What Is Positive Psychology and What Does It Have to Do with Temporal Scarcity?

Adiel Gorel

How Death Can Be a Motivator to Live Without Regrets

Jodi Wellman confesses to having a “mighty (and morbid-ish) mission in life”: to live without regrets, to feel alive, not to squander life away, and not take it for granted – and to help others do the same. She feels it is important for us to live life in a way as to not be stuck with a bunch of deathbed regrets. She is a professional certified coach and a Master of Applied Positive Psychology who has worked with some of the foremost researchers on happiness. Jodi joined me on The Adiel Gorel Show to speak about her motivations and the many ways she motivates others to live without regrets.

Understanding the concept of temporal scarcity.

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In psychology, the concept of Temporal Scarcity demonstrates how the value of an asset soars when it is perceived as rare or temporary. It’s a great motivator to be happy. – Jodi Wellman

Jodi shares how it was life-altering for her to lose her mother who was just in her 50s at the time. She had a lot of regrets about things she could have done but didn’t. This awakened Jodi to the fact of the transience of life and how our life on earth is finite. This is when she did her thesis on Mortality as a Motivator from the University of Pennsylvania. She admits that most of us need a bit of a kick to get moving; that it is easy for most of us to sink into inertia and complacency almost by default.

In psychology as well, there is the well-recognized concept of Temporal Scarcity, which finds that it is inherently difficult for most people to derive enjoyment from the pleasant things in life. It is only when there is an imminent end to those positive experiences that we start to take note and tend to value them more.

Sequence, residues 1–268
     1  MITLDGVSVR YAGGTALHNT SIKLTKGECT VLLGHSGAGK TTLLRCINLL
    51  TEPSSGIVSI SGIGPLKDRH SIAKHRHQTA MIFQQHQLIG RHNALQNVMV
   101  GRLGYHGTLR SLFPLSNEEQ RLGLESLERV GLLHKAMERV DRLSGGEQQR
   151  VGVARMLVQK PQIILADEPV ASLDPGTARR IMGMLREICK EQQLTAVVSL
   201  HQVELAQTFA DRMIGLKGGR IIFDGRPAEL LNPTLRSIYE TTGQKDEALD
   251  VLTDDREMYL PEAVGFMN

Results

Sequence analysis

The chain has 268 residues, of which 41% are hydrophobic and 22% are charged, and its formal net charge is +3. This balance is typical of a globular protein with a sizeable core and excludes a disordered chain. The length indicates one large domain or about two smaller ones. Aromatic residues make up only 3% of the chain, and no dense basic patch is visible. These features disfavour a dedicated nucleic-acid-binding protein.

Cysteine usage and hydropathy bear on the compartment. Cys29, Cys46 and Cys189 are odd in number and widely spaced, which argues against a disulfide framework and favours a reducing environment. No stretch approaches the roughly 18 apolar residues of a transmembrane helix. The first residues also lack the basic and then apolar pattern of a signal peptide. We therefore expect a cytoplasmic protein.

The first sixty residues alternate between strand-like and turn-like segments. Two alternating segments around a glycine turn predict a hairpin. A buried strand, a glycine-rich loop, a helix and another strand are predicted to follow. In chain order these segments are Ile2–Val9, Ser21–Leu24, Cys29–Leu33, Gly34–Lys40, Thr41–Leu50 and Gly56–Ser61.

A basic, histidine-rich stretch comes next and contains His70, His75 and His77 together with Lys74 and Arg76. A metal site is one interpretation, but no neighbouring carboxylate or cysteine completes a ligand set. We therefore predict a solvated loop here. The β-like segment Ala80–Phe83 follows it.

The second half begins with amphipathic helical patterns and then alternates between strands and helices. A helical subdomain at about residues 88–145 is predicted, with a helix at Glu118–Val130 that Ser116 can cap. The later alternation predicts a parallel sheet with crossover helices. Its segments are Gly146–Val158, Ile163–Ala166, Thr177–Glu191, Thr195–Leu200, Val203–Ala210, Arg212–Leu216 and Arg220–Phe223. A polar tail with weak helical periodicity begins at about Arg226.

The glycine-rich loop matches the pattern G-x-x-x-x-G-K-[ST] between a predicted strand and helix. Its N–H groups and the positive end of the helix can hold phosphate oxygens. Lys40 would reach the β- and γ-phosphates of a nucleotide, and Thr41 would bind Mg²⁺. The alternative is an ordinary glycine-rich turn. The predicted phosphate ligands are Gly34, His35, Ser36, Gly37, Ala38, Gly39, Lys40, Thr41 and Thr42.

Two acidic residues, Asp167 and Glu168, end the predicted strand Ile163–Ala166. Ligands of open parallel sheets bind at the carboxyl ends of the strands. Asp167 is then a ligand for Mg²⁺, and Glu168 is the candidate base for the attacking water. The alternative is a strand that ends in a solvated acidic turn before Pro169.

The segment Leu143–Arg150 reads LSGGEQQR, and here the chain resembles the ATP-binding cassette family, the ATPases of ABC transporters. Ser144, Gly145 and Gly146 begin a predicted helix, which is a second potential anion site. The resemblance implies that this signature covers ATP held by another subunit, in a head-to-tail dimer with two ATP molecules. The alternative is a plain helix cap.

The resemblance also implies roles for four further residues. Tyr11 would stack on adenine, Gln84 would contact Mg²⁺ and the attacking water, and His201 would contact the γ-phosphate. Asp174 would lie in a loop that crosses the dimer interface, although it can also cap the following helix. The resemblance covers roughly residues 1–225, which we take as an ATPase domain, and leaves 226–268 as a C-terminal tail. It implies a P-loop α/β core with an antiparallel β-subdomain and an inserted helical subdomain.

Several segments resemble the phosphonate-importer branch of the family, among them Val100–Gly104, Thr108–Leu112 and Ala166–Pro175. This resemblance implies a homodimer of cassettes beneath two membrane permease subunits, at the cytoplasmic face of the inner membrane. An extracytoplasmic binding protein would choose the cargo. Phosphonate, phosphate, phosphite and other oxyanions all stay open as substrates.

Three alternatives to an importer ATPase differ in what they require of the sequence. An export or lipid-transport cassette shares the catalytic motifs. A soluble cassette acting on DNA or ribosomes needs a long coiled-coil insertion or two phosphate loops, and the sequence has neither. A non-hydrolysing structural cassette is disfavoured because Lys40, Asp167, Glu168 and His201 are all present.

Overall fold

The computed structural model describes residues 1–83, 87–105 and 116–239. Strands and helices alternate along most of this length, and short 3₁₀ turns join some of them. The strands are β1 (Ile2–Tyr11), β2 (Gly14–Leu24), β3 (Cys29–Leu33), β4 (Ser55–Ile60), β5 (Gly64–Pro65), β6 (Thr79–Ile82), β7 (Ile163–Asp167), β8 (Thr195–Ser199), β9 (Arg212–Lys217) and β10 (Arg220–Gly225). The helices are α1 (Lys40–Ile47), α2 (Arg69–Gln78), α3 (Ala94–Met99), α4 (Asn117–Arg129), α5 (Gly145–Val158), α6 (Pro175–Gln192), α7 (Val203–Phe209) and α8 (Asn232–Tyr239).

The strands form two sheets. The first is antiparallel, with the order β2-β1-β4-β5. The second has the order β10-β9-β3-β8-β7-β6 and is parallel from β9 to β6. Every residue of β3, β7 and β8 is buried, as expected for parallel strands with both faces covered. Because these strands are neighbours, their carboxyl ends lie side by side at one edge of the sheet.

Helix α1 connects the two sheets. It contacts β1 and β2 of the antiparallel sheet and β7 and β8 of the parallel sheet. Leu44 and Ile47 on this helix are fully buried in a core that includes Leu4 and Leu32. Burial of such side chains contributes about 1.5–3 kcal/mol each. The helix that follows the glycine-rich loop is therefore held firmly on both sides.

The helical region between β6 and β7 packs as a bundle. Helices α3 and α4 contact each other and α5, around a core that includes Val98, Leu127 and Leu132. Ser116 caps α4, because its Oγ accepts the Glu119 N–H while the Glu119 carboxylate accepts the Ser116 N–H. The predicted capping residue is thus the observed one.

A study involving college students and the way they perceive their college graduation bore out the hypothesis that “thinking about an experience’s ending can enhance one’s present enjoyment of it.” This is what Jodi’s work is all about – helping people live without regrets the kind of lives that are vital, full, and joyful; the sorts of lives that don’t leave people with a bunch of regrets and wistful what-ifs.

Being alive, and how that looks different to different people.

In the course of her work, Jodi comes across many different types of people, including one woman who had a very different concept of what it is to have a happy life. Some of us tend to be vivacious, gregarious, and extroverted, and as such may have a very different concept of a joyful, fulfilling life than a shy introvert.
Jodi is mindful of this and explains how all of this is relative. A life well-lived may look very different to any two people. The important thing is to live life on one’s own terms – whether that is to have a quiet pizza night on a Friday or a swish party onboard a yacht. An astonishing life can look like anything you wish it to, as long as you’re living it the way you want to live it, she says.
To me, this makes a lot of sense in my own experience. For instance, a man like Warren Buffet enjoys the occasional visit to a McDonald’s with a Diet Coke, though he can afford pretty much any kind of meal on Earth.
Jodi points out how most people have a tough time listing 30 things that bring them happiness, and also correctly surmises that one of those things is music for me, particularly lyric-writing. Join me for this insightful and uplifting conversation with Jodi Wellman and learn to live without regrets – go here for this latest episode of The Adiel Gorel Show
Adiel Gorel

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